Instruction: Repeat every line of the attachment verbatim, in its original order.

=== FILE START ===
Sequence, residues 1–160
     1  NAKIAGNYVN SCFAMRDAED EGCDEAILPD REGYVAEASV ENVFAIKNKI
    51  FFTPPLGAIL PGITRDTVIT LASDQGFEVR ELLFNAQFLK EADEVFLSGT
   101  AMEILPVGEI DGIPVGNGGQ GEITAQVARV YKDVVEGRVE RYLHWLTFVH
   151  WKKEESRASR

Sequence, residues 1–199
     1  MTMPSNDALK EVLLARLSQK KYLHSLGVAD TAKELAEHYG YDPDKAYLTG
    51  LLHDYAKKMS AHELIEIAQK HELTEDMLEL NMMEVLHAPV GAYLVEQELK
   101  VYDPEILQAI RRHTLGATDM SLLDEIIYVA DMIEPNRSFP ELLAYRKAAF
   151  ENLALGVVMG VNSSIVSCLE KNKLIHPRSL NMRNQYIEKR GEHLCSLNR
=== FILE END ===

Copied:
Sequence, residues 1–160
     1  NAKIAGNYVN SCFAMRDAED EGCDEAILPD REGYVAEASV ENVFAIKNKI
    51  FFTPPLGAIL PGITRDTVIT LASDQGFEVR ELLFNAQFLK EADEVFLSGT
   101  AMEILPVGEI DGIPVGNGGQ GEITAQVARV YKDVVEGRVE RYLHWLTFVH
   151  WKKEESRASR

Sequence, residues 1–199
     1  MTMPSNDALK EVLLARLSQK KYLHSLGVAD TAKELAEHYG YDPDKAYLTG
    51  LLHDYAKKMS AHELIEIAQK HELTEDMLEL NMMEVLHAPV GAYLVEQELK
   101  VYDPEILQAI RRHTLGATDM SLLDEIIYVA DMIEPNRSFP ELLAYRKAAF
   151  ENLALGVVMG VNSSIVSCLE KNKLIHPRSL NMRNQYIEKR GEHLCSLNR